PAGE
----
Armenian monastic ensembles

January 2, 2012 - 16:18
altThe Armenian monasteries of Iran have borne continuous testimony, since the origins of Christianity and certainly since the 7th century, to Armenian culture in its relations and contact with the Persian and later the Iranian civilizations. They bear testimony to a very large and refined panorama of architectural and decorative content associated with Armenian culture, in interaction with other regional cultures: Byzantine, Orthodox, Assyrian, Persian and Muslim. 

The monasteries have survived some 2,000 years of destruction, both of human origin and as a result of natural disasters. They have been rebuilt several times in a spirit in keeping with Armenian cultural traditions. Today they are the only important vestiges of Armenian culture in this region. Saint-Thaddeus, the presumed location of the tomb of the apostle of Jesus Christ, St. Thaddeus, has always been a place of high spiritual value for Christians and other inhabitants in the region. It is still today a living place of pilgrimage for the Armenian Church.

The state party has made a remarkable long-term effort regarding the restoration and conservation of the Armenian monastic ensembles in Iran. Their integrity and authenticity are satisfactory, and this includes the Chapel of Dzordzor, which (because of a dam construction project) was moved and then rebuilt with an evident concern to retain authenticity.
The legal protection in place is adequate. The monastic ensemble is currently in a good state of conservation. The management plan provides the necessary guarantees for the long-term conservation of the property and the expression of its outstanding universal value. (Source: UNESCO)

The Saint Thaddeus Monastery
The famous and marvelous monastic complex of St. Thaddeus is located in the mountainous area of western Azerbaidjan Province. It is perched on a mountain ridge beside a stream sunken into the rock, thus giving it a natural fortified position.

The outline of it, placed on gently rolling hills, stands out sharply against the vastness of the horizon. Sourb Thade (St. Thaddeus) or Kara-Kilise (the black church) as it is called by the people of Northern Iran, forms a harmonious, integral part with its surroundings both in the material with which it is constructed, and in its form. The location of the monastery was surely chosen for strategic reasons, for it was built during a period when neighboring peoples seriously threatened it.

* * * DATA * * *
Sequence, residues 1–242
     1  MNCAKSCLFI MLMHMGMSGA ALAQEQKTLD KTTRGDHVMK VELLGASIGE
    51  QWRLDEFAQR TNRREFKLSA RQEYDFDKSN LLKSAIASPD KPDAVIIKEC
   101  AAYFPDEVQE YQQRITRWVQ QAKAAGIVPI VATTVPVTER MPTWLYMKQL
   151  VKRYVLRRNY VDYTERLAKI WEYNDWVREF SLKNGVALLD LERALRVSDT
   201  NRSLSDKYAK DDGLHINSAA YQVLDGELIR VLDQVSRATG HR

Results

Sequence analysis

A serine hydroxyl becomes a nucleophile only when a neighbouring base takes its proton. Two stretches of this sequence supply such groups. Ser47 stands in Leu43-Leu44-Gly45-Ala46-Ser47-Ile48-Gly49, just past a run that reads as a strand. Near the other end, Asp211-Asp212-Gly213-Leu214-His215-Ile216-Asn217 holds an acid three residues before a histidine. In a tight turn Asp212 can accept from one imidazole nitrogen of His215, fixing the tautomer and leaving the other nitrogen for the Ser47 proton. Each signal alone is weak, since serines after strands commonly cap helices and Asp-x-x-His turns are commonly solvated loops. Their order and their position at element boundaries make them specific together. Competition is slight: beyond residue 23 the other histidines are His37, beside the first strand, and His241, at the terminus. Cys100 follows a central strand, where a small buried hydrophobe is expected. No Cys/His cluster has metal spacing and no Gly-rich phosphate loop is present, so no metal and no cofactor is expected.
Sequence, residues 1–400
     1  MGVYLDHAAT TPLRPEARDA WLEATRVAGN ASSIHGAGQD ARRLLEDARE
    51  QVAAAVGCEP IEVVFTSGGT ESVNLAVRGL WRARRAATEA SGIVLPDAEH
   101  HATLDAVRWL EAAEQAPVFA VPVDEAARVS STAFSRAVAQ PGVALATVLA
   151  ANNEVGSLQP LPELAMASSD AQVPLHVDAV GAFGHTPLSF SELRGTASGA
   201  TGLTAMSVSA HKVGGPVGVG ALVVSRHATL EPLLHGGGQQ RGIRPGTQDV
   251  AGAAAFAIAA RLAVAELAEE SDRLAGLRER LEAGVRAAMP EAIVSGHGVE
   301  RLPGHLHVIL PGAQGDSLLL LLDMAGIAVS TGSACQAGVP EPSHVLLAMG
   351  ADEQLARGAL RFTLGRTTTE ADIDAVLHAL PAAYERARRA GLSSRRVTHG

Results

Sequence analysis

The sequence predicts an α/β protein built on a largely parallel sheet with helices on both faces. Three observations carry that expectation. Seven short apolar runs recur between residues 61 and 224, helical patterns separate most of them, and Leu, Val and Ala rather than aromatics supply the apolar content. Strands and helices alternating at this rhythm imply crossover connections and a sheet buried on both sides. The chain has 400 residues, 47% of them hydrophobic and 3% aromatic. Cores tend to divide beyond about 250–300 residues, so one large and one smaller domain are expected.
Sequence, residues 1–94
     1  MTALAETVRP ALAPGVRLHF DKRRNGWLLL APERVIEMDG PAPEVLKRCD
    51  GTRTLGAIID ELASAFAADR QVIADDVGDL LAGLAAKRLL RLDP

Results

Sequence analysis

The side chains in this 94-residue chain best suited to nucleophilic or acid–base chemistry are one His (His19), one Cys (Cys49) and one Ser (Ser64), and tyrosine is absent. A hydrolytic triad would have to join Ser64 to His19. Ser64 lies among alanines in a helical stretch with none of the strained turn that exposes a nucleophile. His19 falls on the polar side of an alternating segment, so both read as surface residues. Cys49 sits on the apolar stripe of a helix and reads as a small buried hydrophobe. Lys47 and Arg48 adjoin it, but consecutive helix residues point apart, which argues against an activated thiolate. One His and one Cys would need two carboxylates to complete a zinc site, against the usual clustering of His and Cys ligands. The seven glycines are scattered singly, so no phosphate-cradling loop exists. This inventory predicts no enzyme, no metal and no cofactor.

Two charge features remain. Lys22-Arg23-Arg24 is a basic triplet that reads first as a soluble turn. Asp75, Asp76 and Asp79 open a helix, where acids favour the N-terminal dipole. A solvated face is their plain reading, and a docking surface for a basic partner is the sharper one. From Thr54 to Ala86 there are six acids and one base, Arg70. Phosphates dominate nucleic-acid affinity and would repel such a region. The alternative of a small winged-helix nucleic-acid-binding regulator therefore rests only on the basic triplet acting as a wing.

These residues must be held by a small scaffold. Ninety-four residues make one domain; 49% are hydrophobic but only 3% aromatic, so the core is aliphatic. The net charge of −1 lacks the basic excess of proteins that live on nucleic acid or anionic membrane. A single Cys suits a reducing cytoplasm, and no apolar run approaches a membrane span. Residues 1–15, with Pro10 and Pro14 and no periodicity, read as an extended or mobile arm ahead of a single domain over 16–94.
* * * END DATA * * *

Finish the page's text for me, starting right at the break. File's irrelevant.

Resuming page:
The thick walls around the monastery, also, had an important defensive function during sieges, and the complex was built especially to withstand them. It is situated within a natural circle of mountains, a short distance from a river. Wells drilled within the enclosure guaranteed a water supply. The church was surrounded by vast, fertile fields, quite suitable for farming, and therefore capable of supplying food for both men and animals. The harvest was well protected in special storage rooms, thus enabling the monastery to keep its independence and relative security. Although it is not dated, according to the legend, the monastery was founded by Apostle Thaddeus (66AD) on the spot of a former pagan temple.

Time after time it was destroyed by invasions, and struck by earthquakes, the most devastating of which occurred in 1319. The monastery was rebuild, and further renewed and enlarged during the course of the following centuries. Most of the present structure dates from the early 19th century when Qajar prince Abbas Mirza helped in renovations and repairs. 

The 19th century additions are from carved sandstone. The earliest parts are of black and white stone, hence its Turkish name Kara Kilise, the Black Church. A fortified wall surrounds the church and its now-abandoned monastery buildings.
In July 2008, the St. Thaddeus monastery was added to UNESCO's World Heritage List, along with two other Armenian monuments located in the same province: Saint Stepanos Monastery and the chapel of Dzordzor.